Earlier this year, the Employment Tribunal (ET) ruled that Uber drivers are entitled to basic
worker’s rights. Uber appealed against this, arguing that it only connects the passenger to
the driver. The Employment Appeal Tribunal (EAT), however, approved ET’s initial ruling,
confirming that Uber drivers work for the company.
GMB, the trade union who first brought this case to the ET, were pleased with the outcome.
This landmark decision is yet more defence for GMB’s campaign to ensure drivers are given
the rights they are entitled to – and that the public, drivers and passengers are kept safe.
said Maria Ludkin’s legal director.
Uber UK’s acting general manager, Tom Elvidge, said: “Almost all taxi and private hire
drivers have been self-employed for decades, long before our app existed. The main reason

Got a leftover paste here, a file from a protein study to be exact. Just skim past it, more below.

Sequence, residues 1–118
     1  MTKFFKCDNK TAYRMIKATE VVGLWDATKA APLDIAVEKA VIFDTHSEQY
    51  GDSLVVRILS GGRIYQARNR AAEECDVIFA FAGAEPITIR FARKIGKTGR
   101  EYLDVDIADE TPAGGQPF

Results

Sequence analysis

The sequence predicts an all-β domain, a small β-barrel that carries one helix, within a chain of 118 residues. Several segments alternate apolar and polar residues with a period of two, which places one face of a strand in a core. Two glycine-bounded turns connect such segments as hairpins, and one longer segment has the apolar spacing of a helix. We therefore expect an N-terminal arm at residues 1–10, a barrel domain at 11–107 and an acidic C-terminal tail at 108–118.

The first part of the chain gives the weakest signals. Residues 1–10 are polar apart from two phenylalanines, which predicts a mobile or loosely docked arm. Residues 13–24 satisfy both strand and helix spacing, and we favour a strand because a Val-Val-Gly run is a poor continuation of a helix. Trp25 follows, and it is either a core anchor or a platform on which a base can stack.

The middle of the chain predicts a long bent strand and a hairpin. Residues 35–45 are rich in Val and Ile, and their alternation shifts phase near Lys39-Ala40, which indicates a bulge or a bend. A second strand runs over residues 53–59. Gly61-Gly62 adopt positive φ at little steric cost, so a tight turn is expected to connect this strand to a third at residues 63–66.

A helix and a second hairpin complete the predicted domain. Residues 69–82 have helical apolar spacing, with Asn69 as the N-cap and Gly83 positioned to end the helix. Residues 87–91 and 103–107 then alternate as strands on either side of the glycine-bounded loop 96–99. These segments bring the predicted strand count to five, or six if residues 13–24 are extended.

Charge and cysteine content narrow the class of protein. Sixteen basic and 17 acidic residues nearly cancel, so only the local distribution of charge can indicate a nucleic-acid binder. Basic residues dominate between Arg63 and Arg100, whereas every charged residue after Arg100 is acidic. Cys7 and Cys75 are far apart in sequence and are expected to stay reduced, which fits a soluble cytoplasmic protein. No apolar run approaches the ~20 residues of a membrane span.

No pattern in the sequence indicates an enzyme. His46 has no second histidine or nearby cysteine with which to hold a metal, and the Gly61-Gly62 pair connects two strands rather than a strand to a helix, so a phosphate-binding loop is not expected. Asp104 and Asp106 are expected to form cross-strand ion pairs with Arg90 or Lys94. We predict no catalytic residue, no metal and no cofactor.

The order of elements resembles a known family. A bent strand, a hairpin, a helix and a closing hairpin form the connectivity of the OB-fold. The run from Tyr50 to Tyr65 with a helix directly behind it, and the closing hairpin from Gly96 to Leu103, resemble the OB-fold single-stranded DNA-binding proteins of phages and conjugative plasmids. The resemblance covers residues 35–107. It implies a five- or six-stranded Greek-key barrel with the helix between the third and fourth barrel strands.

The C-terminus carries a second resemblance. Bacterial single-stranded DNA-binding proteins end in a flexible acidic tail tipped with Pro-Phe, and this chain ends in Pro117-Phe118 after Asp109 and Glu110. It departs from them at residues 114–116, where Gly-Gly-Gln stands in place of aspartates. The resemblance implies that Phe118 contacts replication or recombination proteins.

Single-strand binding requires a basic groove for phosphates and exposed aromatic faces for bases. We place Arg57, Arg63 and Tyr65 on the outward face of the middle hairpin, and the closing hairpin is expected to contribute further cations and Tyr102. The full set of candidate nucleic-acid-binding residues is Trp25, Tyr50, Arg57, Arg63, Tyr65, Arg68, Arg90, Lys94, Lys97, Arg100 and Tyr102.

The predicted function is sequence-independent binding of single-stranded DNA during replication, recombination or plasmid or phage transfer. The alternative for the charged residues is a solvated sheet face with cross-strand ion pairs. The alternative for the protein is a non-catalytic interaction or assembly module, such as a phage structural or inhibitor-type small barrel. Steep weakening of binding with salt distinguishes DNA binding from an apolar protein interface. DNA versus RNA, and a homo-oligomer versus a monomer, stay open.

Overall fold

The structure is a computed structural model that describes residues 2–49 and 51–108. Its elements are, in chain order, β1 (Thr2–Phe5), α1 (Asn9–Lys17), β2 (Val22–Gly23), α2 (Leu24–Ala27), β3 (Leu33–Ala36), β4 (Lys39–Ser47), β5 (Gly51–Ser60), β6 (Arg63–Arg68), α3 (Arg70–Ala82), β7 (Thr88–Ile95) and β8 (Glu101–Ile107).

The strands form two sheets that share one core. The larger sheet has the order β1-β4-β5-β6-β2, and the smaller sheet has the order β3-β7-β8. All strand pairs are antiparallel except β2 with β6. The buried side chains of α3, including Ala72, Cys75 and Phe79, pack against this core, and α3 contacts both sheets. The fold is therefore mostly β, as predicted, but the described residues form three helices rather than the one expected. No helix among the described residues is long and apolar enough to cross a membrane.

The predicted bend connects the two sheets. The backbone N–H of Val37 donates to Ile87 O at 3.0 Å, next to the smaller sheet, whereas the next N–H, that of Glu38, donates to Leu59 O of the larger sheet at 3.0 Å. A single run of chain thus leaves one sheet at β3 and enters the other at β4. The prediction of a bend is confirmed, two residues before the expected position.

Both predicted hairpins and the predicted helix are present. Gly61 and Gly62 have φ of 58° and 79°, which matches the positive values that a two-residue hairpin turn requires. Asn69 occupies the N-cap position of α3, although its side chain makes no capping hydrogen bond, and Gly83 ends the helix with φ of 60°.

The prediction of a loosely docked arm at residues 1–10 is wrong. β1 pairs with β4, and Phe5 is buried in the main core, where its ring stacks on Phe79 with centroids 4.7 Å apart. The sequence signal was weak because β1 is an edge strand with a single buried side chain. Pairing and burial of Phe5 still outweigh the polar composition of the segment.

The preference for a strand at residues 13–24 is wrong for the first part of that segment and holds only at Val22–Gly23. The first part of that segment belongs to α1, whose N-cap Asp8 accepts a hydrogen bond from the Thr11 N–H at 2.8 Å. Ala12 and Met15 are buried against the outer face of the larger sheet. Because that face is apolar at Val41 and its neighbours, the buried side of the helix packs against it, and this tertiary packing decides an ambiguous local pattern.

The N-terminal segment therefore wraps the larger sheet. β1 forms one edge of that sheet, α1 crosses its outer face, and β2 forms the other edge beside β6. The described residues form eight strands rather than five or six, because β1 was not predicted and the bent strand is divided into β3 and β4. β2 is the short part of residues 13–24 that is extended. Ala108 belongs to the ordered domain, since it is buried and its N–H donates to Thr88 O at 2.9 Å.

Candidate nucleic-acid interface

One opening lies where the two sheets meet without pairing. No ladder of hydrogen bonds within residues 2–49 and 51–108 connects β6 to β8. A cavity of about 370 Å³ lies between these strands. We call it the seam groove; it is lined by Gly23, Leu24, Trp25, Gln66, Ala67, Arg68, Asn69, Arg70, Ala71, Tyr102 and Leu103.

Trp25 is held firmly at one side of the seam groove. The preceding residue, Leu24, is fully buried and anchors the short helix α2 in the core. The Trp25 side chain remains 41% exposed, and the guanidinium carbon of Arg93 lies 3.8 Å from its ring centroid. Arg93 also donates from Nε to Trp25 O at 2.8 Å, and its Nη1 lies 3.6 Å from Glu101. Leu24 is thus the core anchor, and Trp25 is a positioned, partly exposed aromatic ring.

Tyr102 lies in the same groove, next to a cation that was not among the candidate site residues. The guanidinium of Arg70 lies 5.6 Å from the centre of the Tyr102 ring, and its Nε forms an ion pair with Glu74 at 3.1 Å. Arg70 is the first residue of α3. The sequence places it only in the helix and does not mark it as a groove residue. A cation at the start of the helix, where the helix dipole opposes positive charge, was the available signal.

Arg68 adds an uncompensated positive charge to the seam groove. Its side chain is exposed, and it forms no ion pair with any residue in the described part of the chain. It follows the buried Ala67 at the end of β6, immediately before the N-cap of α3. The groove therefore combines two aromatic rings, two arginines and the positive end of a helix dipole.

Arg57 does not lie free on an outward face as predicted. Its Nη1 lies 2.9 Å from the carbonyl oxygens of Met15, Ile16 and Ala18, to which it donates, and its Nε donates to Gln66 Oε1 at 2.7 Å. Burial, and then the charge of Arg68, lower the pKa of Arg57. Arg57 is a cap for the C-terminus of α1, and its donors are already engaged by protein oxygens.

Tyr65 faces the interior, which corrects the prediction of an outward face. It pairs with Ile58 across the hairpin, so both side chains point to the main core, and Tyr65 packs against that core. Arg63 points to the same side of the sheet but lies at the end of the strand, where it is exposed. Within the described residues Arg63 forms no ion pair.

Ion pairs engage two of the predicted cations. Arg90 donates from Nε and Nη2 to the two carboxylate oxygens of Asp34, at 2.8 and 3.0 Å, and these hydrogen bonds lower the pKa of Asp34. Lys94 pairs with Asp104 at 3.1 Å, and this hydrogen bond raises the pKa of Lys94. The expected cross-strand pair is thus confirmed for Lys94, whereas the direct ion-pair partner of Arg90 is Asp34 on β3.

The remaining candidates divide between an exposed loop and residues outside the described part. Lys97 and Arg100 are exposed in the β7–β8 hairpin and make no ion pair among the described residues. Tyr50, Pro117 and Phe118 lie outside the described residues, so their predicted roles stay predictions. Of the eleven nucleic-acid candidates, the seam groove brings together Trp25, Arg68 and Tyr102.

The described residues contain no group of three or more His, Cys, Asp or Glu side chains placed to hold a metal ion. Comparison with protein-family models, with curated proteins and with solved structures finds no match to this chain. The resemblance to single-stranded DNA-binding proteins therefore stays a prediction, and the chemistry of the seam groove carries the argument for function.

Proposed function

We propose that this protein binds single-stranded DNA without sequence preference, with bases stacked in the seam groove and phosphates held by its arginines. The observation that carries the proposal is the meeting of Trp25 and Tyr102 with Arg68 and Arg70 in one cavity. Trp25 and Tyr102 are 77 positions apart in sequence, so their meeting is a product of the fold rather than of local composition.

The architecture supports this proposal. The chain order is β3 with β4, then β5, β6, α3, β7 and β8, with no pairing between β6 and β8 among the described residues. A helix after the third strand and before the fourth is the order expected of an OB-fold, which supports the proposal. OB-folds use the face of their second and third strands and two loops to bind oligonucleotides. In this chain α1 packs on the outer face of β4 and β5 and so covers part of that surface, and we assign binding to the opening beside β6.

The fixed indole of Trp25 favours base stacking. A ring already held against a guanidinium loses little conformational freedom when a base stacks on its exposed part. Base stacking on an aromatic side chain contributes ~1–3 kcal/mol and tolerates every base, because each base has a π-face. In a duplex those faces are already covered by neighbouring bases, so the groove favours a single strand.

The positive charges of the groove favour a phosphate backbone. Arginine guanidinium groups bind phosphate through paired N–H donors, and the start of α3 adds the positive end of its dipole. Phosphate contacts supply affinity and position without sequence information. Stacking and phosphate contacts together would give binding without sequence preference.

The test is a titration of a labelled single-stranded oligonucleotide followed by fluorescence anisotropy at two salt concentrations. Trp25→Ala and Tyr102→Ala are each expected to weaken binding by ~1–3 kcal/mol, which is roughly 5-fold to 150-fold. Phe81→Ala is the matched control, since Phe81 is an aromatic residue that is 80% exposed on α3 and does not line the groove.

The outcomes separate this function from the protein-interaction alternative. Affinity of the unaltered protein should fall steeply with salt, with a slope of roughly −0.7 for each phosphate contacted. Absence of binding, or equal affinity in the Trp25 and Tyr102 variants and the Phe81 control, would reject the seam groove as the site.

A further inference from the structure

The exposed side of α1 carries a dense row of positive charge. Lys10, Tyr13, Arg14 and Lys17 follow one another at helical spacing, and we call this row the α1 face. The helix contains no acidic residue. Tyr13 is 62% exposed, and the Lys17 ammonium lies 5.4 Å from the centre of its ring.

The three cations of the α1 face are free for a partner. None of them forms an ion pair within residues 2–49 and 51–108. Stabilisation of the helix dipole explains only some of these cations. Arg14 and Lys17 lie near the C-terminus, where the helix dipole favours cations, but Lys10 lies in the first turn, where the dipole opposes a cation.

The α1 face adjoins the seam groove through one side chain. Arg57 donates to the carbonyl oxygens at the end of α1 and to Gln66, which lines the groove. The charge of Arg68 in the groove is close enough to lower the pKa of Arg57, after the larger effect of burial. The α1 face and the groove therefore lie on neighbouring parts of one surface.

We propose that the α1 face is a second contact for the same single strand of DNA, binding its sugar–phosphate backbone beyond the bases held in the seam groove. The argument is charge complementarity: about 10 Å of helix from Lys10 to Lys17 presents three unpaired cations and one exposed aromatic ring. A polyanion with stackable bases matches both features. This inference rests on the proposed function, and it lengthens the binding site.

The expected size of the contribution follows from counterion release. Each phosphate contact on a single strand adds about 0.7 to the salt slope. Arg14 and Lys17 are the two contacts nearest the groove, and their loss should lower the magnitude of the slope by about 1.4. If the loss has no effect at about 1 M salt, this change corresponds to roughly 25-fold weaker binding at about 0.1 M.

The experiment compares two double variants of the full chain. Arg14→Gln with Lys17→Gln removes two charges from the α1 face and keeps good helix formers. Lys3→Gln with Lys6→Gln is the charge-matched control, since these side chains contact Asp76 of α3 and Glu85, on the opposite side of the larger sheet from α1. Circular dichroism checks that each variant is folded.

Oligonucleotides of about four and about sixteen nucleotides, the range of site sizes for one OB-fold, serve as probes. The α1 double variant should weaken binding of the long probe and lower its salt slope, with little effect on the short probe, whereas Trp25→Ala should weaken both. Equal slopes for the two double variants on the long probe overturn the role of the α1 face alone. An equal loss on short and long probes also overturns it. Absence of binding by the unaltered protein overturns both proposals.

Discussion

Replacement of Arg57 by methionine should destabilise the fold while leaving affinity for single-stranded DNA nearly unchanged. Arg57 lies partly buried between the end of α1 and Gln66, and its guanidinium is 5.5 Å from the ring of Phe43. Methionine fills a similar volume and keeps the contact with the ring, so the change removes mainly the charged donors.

why drivers use Uber is because they value the freedom to choose if, when and where they
drive and so we intend to appeal.
The tribunal relies on the assertion that drivers are required to take 80 per cent of trips
sent to them when logged into the app. As drivers who use Uber know, this has never been
the case in the UK.
Uber are also appealing a decision by Transport for London (TfL) which would stop the
company doing business in London. After announcing they would not renew Uber’s
operating license, TFL stated that “Uber London Limited is not fit and proper to hold a
private hire operator licence.”
The decision to ban Uber has faced many opinions. Whilst some have praised the Mayor in
taking a stand against the Uber application, others have said the decision is not only
damaging to customers, but to the thousands of people currently working for them.